"It was like an enormous machine that had got hold of you. You’d no sense of acting of your own free will, and at the same time no notion of trying to resist. If people didn’t have some such feeling as that, no war could last three months. The armies would just pack up and go home. Why had I joined the Army? Or the million other idiots who joined up before conscription came in? Partly for a lark and partly because of England my England and Britons never never and all that stuff. But how long did that last? Most of the chaps I knew had forgotten all about it long before they got as far as France. The men in the trenches weren’t patriotic, didn’t hate the Kaiser, didn’t care a damn about gallant little Belgium and the Germans raping nuns on tables (it was always ‘on tables’, as though that made it worse) in the streets of Brussels. On the other hand it didn’t occur to them to try and escape. The machine had got hold of you and it could do what it liked with you. It lifted you up and dumped you down among places and things you’d never dreamed of, and if it had dumped you down on the surface of the moon it wouldn’t have seemed particularly strange."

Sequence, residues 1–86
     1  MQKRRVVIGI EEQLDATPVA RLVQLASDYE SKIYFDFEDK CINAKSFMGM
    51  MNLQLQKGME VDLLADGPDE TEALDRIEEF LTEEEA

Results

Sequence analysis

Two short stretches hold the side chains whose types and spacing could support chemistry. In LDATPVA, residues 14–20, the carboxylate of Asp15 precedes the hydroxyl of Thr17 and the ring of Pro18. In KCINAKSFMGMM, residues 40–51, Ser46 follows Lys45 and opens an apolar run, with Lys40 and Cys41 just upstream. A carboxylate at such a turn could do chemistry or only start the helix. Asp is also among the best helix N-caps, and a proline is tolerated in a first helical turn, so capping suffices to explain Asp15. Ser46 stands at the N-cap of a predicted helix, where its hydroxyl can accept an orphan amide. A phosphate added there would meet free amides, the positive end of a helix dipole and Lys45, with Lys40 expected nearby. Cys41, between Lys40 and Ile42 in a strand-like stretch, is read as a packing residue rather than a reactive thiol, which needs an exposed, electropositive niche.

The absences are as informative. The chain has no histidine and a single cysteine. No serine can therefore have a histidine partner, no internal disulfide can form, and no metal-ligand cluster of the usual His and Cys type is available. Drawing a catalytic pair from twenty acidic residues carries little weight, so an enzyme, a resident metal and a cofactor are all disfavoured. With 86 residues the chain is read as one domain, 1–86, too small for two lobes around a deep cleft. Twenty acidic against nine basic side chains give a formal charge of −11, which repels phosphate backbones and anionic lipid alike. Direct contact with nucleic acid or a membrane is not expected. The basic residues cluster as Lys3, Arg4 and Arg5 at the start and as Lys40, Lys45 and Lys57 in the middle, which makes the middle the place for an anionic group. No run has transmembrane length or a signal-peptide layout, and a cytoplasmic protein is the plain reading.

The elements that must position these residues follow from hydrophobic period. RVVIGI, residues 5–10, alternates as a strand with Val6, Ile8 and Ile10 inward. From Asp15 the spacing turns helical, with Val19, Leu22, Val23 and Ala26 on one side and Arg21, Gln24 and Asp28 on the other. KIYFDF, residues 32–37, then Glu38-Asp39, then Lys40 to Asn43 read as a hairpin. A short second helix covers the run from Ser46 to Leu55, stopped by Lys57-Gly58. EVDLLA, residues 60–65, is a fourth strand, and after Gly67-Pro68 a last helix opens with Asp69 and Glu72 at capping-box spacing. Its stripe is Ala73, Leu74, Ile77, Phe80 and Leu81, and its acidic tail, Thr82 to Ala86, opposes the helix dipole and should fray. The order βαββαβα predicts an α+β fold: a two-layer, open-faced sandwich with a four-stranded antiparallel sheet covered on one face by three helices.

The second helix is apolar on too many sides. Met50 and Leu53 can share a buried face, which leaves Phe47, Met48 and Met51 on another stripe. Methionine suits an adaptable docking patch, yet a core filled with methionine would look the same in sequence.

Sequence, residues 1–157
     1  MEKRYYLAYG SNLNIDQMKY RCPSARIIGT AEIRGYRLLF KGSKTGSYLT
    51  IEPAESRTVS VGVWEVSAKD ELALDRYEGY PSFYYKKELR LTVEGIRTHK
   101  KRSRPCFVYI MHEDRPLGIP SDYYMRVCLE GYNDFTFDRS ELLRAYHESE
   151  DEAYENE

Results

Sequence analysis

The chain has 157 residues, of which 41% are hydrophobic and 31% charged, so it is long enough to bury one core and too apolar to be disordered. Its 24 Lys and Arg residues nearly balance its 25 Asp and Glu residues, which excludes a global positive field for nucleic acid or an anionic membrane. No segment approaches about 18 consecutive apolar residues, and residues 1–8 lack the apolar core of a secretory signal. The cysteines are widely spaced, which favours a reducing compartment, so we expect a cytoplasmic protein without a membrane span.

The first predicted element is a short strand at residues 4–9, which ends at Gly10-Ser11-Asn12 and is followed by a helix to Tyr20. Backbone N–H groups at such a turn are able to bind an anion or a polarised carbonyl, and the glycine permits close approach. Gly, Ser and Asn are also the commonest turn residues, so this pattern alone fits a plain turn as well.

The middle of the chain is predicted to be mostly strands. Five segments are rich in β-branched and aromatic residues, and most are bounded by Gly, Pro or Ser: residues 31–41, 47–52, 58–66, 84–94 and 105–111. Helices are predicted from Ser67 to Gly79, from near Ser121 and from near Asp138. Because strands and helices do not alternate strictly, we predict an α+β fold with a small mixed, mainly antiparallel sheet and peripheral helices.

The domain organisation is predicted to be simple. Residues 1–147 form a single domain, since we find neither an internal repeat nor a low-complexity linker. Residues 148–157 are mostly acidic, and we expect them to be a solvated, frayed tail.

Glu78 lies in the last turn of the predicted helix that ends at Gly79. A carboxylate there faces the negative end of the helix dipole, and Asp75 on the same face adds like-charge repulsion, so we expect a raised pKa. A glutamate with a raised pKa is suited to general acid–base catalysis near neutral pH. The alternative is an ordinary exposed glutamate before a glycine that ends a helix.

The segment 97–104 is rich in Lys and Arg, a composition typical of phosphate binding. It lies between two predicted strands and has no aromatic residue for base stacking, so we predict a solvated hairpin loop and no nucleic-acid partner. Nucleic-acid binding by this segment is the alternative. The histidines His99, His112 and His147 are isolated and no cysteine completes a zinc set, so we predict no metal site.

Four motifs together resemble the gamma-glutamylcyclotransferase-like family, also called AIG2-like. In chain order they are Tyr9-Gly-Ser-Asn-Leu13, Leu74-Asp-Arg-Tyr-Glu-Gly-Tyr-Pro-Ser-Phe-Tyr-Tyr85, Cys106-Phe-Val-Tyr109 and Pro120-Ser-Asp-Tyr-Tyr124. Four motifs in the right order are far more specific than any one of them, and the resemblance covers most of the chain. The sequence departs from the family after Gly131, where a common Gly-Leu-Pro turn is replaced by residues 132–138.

George Orwell, Coming Up for Air (1939)